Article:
make a view as a way of looking at pictures from the european council european leaders who were meeting in brussels as they were signing off on the deal and john both with us john just to pick up on the point that it was making its. people who were open to the people who supported they were all essentially have to get together to get this deal to pass how is theresa may going to do that how is she going to make this magic happen especially when there is no majority for any particular option which she said some success of persuading some program main conservatives on her side the former chancellor kenneth clarke for example has said that he will be reluctantly willing to back the deal and the foreign minister jeremy holmes who also was in favor remain for years he said i do not altogether this is this is props not the best available but in it for the sake of the future the country would be willing to back it what reason they would me would be labor remain people later people in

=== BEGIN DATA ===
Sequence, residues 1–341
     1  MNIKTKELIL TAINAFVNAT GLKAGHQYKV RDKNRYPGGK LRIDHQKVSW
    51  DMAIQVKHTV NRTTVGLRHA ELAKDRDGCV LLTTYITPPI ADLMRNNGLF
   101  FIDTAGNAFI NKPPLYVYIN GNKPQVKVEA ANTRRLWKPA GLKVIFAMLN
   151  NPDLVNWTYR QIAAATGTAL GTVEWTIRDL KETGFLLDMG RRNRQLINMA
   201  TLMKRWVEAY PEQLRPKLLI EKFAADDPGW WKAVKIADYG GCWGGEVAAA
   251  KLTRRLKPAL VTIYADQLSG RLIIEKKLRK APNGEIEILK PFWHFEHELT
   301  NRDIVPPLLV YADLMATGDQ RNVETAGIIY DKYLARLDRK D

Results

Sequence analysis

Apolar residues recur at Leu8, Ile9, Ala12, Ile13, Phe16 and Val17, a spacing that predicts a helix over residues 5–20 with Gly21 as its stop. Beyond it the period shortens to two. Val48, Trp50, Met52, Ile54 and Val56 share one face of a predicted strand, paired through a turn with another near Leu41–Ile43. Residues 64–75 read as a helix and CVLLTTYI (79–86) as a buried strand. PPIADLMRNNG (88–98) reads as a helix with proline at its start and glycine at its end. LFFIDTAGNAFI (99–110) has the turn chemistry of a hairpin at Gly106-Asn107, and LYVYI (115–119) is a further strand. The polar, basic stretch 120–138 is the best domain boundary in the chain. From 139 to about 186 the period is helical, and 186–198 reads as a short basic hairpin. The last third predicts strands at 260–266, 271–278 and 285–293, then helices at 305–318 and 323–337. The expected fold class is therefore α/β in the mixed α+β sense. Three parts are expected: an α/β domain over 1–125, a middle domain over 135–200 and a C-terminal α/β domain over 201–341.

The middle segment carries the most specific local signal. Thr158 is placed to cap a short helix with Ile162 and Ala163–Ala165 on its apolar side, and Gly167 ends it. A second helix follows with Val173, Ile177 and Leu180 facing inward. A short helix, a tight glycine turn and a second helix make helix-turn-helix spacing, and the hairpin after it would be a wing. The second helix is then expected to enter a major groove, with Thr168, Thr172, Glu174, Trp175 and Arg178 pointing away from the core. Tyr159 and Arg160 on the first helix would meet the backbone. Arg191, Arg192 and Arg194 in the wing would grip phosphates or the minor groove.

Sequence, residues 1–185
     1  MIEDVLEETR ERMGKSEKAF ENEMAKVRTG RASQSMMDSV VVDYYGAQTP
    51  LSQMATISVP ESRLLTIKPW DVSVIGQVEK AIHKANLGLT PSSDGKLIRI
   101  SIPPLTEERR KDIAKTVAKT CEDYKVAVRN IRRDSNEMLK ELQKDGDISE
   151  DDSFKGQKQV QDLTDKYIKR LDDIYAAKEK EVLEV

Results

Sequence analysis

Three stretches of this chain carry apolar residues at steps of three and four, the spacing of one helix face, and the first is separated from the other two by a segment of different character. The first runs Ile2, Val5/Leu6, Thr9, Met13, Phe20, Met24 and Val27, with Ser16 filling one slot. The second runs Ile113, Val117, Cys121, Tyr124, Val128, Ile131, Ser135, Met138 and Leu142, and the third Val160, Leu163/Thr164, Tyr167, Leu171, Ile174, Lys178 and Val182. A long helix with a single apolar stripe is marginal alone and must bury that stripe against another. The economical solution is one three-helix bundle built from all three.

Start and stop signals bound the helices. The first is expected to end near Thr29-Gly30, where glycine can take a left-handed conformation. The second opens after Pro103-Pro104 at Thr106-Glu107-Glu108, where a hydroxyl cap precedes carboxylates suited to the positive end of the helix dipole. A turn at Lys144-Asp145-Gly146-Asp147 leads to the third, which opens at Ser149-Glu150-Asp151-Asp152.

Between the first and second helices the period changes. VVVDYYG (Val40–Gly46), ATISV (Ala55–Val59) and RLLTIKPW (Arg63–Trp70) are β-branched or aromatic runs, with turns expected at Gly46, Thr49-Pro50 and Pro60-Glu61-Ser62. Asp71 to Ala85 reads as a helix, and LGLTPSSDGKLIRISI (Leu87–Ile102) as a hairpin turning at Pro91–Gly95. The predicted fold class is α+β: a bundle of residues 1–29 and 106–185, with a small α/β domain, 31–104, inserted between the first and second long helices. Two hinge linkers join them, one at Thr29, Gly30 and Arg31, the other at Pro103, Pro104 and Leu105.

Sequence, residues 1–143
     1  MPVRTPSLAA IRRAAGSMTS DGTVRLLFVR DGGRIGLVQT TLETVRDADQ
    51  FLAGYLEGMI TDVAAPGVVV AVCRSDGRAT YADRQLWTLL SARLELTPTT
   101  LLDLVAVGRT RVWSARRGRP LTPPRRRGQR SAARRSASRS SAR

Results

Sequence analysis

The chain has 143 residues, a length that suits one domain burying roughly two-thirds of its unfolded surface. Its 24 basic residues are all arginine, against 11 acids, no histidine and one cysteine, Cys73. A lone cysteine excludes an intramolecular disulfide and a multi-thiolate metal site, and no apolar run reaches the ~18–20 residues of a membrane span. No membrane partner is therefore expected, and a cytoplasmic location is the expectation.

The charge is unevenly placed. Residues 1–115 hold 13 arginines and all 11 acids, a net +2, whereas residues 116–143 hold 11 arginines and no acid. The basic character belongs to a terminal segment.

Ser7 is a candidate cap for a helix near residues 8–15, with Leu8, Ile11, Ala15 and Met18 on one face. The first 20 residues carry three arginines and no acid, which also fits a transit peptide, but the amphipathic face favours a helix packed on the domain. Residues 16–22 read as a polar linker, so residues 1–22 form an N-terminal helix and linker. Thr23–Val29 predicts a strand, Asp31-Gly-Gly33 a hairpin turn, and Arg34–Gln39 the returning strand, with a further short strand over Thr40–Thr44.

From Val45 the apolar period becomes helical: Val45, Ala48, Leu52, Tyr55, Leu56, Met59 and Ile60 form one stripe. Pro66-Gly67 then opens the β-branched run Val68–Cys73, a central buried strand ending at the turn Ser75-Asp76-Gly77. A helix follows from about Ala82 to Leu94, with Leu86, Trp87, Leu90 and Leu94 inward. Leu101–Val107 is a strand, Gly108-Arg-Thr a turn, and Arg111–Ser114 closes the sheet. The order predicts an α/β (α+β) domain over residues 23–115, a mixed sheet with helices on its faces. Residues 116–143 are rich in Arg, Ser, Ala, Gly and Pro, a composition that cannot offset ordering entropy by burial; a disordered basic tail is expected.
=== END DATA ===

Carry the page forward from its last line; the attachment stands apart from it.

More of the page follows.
general to get over on the conservative side and then jeremy corbyn the labor party to he's not having any of that because essentially he hates the conservative party deep in his heart and essentially anything he could do to oppose the conservatives is his introduction first. it's p.c. is it political principles at play here or is it political ego that's a this is going to have a large share of political ego and it's also these two party system in the u.k. essentially that the conservatives and labor they slug it out and because this is seen as a conservative bret's it labor will not back it in other european countries you might have a more collaborative solution where the parties what the heads together to try to come up with a solution for the short of a shoulder labor can see that they don't have any viable alternative well a mycelium otherwise but they do they really haven't told me they do this they they they say they want what they say is a jobs first breaks it breaks it to put to protect the british economy which they say that mean in real time we don't altogether know to be quite honest but above